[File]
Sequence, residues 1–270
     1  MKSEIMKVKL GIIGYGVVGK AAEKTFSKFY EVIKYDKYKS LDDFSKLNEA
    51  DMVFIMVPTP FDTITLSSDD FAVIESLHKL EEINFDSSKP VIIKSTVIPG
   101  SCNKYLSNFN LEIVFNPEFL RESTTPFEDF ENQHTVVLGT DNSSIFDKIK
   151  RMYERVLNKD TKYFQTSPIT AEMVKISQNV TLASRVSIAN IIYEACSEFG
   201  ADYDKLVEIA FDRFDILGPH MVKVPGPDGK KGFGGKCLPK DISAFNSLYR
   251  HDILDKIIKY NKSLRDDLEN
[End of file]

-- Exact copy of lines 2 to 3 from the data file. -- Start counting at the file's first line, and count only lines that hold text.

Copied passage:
     1  MKSEIMKVKL GIIGYGVVGK AAEKTFSKFY EVIKYDKYKS LDDFSKLNEA
    51  DMVFIMVPTP FDTITLSSDD FAVIESLHKL EEINFDSSKP VIIKSTVIPG